What exact style of poem is "A Narrow Fellow in the Grass," free style or blank verse, rhyme maybe?
Dickinson's meter is famously irregular, but one way to think of it is as a form of ballad meter, which uses alternating lines of iambic tetrameter and iambic trimeter. There are examples in the first two stanzas of this meter:
a NAR row FEL low IN the GRASS
o CCAS ion NAL ly RIDES
or, second stanza
the GRASS di VIDES as WITH a COMB
a SPOT ted SHAFT is SEEN
Dickinson doesn't really follow all the "rules" for ballad meter. For one thing, ballad meter generally follows an ABCB rhyme scheme, but in the poem only the final two stanzas follow this pattern. And Dickinson uses many lines that depart from the iambic tetrameter/trimeter scheme.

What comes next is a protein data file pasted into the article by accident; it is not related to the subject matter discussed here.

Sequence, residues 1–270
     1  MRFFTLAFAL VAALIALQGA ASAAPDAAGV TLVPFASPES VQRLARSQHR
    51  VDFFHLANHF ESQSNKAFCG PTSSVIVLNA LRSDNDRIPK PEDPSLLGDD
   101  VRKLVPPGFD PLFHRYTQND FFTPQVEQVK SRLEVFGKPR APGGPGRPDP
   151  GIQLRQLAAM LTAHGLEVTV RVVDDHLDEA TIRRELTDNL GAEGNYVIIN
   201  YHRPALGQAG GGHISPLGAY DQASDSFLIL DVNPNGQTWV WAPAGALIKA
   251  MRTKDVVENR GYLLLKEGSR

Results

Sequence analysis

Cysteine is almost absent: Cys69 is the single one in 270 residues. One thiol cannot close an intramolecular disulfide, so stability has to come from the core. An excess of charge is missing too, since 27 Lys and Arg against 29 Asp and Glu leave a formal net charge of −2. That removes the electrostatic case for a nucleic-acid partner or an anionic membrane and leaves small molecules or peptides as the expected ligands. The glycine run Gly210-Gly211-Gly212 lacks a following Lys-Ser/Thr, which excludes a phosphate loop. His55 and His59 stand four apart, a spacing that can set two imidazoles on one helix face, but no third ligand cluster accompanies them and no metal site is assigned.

Less important than a technical analysis of meter is an appreciation of how Dickinson's rhythm affects the meaning of the poem. If you read the poem aloud, it's clear that there is a kind of jerky quality to the rhythm, as Dickinson adheres to and departs from the ballad meter form. This quality reinforces her dream-like meditation on the snake (is it a snake or a whip? Is nature "cordial" or frightening?).